The weather forecasters are predicting that this will be the hottest week of the year.
Even Twiggy, my White Leghorn, is panting.
(She’s also desperately in need of going into the molt and replacing those worn out feathers.)
Excessive heat causes stress in the flock. It can kill. Your hens will seek relief in the shade. Mine get low in soft, damp, cool soil. Shade helps, but it’s also essential that they drink. They won’t if their waterer is across the sweltering pen in the stifling coop. If the waterer is outside, but is in a metal dispenser set out in the sun, it can be near-boiling hot. They won’t drink that either.
I prefer the metal waterers for their ease in filling, large capacity and sturdy construction. But, when the heat gets excessive, I pull out inexpensive plastic waterers. They’ll need a cleaning after a year in storage.
I fill them halfway with water, then put into the freezer for a day.
Then I take them out and top off with cool water. I set them on a raised platform (bricks work well – anything to keep them up off the dirt to keep the water clean.) I find a place in the shade for them.
You can see here how the hens choose the ice-cold water over what’s in the metal dispenser. That metal waterer, however, is far preferred to the one in the coop. It’s all relative.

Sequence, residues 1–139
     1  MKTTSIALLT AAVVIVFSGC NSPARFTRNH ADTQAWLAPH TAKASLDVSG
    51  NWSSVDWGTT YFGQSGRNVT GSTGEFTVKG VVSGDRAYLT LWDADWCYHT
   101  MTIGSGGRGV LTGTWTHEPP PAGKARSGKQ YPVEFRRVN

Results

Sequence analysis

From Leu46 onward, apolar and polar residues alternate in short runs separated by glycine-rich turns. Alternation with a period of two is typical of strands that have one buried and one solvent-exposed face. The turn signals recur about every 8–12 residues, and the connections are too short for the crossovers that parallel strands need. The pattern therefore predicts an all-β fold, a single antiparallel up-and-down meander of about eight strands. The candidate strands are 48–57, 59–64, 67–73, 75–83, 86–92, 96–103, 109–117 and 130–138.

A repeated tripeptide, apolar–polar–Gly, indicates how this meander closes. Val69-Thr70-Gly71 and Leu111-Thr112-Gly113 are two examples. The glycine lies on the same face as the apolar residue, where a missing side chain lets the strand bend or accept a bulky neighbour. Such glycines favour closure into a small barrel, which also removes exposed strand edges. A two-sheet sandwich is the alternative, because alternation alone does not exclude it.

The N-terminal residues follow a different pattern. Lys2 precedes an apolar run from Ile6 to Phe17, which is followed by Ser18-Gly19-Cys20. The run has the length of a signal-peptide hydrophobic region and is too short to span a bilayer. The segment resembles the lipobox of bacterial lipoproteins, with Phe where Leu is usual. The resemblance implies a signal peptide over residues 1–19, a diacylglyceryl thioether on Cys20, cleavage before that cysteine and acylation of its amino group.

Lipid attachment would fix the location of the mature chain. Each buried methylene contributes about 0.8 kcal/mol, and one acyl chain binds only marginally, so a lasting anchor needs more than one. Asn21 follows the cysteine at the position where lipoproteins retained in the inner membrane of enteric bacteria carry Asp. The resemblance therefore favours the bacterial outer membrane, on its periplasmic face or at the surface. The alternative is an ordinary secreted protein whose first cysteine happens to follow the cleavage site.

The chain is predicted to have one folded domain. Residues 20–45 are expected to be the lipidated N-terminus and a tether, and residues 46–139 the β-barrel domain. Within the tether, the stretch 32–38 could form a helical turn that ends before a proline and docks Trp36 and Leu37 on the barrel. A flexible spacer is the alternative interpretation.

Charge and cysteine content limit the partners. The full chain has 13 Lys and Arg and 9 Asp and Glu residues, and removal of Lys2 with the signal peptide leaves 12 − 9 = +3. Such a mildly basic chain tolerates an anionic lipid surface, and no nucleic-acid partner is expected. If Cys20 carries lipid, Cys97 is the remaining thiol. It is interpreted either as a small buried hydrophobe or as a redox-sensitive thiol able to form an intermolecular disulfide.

Of course, at some point the ice will melt and the water will warm. That’s okay. At least you’ll be reassured that they’ve been hydrated.
I have more tips on how to care of your flock of hens in the heat in this FAQ.
He’s fine! Once I let my veterinarian know that the toxins didn’t get him, she had a plan for encouraging him to eat with a yogurt drench, but it wasn’t necessary. By the next morning, Pip was eating with his usual gusto and walking about with a serene I’m no trouble at all smile on his face.
By the way, I forgot to mention one thing in the report of how I handled frothy bloat. Here’s a bit of advice: When your goat is vomiting and you think that he might be choking, do NOT put your fingers in his mouth to pull out the green masses. Goat teeth are sharp and jagged and the wound you’ll get from being serrated by them will not be pretty I now have a scar on my index finger to illustrate what not to do.